To be fair, since Neverwinter’s beta period earlier this year, a lot of the major stuttering has been removed, though is still prevalent during some of the more insane combat sequences featuring many enemies or lots of animations, spell flashes, explosions, and the like. Instead of slowed FPS, occasionally the game comes to a halt altogether, which can last up to 15 seconds in some instances. In an MMO, particularly during some of the more dangerous encounters, 15 seconds can cost you your life, resulting in the enemy resetting and the battles starting anew.
Other issues, like the game crashing altogether or disconnecting players for simply changing from one zone to another, occur far too often, though they’re being investigated and hopefully will be addressed in an upcoming patch. The frustration stems from the fact that these issues existed in the beta period, though don’t seem to have been fixed.
Not releasing Neverwinter in this state would have been a bad business practice, as the amount of money spent in just six days must be staggering. I reached out to Perfect World, the company behind Neverwinter, to get an indication of how much was spent on day one, for Xbox One only, but did not get a response.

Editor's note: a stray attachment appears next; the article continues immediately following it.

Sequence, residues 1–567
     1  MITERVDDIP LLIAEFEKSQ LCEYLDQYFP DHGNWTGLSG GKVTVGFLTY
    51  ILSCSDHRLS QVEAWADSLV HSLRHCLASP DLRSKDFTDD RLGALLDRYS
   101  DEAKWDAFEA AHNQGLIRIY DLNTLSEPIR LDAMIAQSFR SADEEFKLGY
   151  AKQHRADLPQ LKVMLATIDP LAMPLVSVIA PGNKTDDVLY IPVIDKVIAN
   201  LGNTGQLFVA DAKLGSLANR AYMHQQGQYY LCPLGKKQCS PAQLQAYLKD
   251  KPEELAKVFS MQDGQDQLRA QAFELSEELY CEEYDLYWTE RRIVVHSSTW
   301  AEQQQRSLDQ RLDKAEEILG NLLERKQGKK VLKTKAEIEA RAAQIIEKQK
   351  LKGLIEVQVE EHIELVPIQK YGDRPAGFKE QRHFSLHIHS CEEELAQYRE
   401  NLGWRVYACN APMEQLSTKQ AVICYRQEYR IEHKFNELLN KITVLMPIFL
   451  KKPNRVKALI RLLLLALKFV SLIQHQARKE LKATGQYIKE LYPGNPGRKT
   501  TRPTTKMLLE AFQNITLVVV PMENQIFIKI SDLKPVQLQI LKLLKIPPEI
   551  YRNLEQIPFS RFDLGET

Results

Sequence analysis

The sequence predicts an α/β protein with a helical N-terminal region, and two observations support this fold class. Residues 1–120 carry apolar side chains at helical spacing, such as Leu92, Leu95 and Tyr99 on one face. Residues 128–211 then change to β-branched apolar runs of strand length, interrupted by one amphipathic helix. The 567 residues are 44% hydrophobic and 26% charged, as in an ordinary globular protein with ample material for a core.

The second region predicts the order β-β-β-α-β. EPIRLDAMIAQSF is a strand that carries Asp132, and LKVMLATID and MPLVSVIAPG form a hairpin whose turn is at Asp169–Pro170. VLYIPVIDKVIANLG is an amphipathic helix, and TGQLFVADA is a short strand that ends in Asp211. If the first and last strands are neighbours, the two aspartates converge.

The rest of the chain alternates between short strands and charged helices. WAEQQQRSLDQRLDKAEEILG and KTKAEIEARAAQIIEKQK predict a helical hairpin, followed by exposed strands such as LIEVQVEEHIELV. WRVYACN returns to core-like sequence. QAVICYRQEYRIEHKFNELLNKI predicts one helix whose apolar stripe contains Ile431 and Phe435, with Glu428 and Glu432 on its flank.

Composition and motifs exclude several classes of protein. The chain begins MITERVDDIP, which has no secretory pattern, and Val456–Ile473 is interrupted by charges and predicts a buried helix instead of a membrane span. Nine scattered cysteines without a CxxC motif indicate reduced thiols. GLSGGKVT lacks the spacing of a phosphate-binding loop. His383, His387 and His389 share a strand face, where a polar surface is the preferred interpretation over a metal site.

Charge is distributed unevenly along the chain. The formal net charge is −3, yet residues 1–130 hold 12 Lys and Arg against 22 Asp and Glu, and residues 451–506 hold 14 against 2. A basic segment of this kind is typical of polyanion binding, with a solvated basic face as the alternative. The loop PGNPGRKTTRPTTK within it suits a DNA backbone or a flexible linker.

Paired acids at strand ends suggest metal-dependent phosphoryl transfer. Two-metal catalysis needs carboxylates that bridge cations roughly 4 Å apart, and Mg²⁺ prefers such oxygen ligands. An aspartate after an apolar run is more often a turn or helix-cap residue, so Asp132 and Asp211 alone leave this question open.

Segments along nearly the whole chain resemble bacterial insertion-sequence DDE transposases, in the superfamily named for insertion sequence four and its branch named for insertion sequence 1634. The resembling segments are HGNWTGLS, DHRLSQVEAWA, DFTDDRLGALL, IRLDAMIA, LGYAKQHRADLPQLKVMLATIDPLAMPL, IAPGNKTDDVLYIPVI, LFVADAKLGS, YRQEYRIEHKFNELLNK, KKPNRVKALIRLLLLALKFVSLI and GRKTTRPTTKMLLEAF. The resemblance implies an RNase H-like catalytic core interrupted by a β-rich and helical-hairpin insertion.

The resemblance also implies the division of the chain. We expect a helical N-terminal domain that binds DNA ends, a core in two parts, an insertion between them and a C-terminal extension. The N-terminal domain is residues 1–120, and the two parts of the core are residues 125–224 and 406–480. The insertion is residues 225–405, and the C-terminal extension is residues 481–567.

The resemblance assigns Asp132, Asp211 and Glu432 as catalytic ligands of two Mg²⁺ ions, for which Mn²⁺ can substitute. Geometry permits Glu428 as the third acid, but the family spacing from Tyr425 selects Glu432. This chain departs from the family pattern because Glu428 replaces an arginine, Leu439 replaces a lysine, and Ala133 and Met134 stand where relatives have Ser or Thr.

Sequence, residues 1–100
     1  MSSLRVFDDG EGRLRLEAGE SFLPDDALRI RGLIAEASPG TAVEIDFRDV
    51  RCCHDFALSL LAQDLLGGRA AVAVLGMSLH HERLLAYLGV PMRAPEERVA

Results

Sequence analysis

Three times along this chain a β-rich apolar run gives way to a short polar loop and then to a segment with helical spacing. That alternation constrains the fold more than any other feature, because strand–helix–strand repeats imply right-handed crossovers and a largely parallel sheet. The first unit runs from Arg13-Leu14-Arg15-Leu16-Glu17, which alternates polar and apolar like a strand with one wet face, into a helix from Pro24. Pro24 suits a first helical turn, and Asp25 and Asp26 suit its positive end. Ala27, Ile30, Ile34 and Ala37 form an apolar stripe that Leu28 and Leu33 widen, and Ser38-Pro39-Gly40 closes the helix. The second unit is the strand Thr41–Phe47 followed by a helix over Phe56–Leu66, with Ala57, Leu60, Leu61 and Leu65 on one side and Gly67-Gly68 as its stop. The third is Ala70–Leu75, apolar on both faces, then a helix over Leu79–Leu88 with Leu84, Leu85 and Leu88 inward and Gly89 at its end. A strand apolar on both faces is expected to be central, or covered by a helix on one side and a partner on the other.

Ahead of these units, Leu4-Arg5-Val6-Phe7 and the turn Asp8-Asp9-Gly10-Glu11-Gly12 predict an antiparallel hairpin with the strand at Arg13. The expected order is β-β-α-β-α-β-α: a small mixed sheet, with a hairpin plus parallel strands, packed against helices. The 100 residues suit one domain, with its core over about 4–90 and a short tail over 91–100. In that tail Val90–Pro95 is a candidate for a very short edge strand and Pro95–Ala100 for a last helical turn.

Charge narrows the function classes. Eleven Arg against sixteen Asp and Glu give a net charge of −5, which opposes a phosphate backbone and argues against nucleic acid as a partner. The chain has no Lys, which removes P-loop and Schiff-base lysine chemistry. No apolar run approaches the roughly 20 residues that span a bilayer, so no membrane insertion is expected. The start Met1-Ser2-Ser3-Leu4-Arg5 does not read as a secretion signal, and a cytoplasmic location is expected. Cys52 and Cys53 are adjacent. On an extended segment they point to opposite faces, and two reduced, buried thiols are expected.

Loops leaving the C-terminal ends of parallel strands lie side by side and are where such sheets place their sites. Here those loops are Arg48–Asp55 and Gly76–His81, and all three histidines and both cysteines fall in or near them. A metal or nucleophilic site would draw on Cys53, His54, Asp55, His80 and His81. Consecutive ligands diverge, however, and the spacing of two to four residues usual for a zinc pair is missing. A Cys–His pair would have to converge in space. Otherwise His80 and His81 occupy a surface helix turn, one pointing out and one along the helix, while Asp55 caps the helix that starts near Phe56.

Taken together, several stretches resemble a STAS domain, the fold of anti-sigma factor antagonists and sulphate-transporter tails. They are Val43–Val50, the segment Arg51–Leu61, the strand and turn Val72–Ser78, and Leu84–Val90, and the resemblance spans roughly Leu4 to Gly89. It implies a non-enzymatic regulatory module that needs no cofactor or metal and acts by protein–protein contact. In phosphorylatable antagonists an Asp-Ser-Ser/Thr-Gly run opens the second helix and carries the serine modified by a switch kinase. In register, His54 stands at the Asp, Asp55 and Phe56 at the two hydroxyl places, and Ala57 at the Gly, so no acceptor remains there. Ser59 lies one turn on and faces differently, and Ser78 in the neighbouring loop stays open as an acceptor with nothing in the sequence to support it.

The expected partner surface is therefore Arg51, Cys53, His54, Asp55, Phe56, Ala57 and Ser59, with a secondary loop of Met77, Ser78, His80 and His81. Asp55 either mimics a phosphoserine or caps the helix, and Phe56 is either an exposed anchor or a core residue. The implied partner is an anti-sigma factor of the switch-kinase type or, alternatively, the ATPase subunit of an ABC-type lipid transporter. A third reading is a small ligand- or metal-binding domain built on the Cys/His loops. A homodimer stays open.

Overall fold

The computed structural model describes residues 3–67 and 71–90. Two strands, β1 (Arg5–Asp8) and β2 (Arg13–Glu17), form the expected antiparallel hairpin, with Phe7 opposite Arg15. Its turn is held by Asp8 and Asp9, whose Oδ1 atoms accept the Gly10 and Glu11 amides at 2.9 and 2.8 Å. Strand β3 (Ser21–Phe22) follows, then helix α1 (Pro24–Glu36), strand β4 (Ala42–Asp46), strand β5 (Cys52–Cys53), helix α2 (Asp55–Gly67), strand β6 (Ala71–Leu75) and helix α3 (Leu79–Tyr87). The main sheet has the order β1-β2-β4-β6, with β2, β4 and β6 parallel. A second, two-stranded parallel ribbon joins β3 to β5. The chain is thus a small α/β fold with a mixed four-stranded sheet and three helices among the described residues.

I held my own poll with random adventurers on the first day though, and the results were staggering. Players level 20 or higher were questioned about whether they had spent money in game and of the 54 people I had spoken to, 49 of them had spent at least $5.00. The most spent was more than $600.00, but the player didn’t have an exact figure, while the average money spent of those 54 players was around $72.00. Each. On the first day.
Expectations are that most money was spent on special mounts and combination packs, but 100% of the people polled who had purchased Zen bought lockbox keys to try their luck. Four of them had found a rare or legendary item. Personally, I opened 35 lockboxes and found very little of note, which tells me that the lockboxes, while fun to open, are perhaps the lowest value on the marketplace.
Still, with the technical issues, the inability to change the interface -- which includes the lack of a minimap to view -- and the constant reminders of people opening lockboxes, the game is still fun. The free-to-play wave is hitting consoles and Neverwinter is the first true fantasy MMO available and is poised to make a lot of money because of that fact. The game is fun, it’s balanced, and allows console gamers to experience a world they’ve, until now, been excluded from. Bluntly, Neverwinter on PC is light years ahead of what you’ll see on Xbox One, but if you’re looking for a fun community, an enjoyable world, and a game where you’re not required to pay money to play (though you probably will), Neverwinter is it.